It is a further object of the invention to produce a shaped charge warhead which resists asymmetry in a body of cast explosive material.

It is a further object of the invention to provide means for preventing the rotation of a body of cast explosive material in a casing during machining of a portion of the cast explosive material.

According to an aspect of the invention, there is provided a shaped charge warhead comprising a generally cylindrical casing, a cast mass of explosive material in the casing, means for forming a generally conical forward face of the mass of explosive material, and mechanical means for preventing rotation of the mass of explosive material in the casing.

According to a feature of the invention, there is provided a method of producing a shaped charge warhead comprising a mass of explosive material in a casing having a conical forward surface, mechanically keying the mass of explosive material to the casing, curing the mass, machining a rear surface of the mass for installation of a primer and a detonator, and the keying being effective to prevent relative rotation of the mass with respect to the casing during the machining.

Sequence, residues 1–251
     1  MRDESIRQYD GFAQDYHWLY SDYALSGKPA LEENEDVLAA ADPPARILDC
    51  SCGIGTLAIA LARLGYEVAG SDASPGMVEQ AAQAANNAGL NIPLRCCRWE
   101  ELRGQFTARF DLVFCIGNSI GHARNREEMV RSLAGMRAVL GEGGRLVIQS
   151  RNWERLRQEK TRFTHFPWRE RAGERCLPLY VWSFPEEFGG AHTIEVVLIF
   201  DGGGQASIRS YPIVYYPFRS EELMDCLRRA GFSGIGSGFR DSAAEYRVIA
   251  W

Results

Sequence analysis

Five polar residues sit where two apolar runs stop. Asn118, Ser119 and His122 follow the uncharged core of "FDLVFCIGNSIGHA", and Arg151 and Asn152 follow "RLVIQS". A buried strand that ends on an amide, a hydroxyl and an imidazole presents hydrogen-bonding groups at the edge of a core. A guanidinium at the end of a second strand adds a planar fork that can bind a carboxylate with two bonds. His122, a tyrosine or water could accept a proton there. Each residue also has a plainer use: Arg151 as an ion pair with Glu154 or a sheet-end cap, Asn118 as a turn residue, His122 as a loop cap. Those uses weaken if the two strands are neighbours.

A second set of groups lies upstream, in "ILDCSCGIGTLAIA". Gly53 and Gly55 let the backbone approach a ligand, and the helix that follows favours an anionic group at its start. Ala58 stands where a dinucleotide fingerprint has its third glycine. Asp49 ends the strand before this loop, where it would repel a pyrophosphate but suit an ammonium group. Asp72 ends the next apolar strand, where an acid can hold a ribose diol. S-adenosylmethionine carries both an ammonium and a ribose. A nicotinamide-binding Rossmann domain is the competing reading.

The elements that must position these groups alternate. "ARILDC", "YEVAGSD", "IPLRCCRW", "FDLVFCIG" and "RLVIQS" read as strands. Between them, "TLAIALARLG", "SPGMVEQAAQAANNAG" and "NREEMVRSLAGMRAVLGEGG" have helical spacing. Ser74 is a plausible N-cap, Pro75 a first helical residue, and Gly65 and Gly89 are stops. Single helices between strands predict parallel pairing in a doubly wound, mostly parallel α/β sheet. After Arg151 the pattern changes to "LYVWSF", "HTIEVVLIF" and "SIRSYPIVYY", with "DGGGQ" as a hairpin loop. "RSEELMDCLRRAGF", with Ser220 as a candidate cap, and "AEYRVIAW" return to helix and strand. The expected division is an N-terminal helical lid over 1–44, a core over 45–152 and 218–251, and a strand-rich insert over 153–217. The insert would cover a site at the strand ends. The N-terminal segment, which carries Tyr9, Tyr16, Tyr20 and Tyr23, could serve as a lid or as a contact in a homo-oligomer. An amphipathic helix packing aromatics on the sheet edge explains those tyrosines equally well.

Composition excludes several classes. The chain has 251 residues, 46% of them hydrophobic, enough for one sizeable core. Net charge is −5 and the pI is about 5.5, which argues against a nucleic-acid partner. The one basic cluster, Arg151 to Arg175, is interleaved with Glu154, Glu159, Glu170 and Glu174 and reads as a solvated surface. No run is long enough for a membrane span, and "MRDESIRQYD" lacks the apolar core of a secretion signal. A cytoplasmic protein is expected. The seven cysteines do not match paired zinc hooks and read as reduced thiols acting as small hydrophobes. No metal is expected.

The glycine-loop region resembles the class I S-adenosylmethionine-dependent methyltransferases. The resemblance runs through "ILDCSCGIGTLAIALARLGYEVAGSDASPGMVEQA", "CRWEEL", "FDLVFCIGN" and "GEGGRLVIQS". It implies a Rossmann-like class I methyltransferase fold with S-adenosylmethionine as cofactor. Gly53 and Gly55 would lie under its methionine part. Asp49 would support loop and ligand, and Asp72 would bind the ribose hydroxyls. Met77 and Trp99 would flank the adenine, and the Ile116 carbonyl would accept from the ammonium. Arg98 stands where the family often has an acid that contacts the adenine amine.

The above, and other objects, features, and advantages of the present invention, will become apparent from the following description read in conjunction with the accompanying drawing, in which like reference numerals designate the same elements.

BRIEF DESCRIPTION OF THE DRAWING

The FIGURE is a cross section of a portion of a warhead according to an embodiment of the present invention.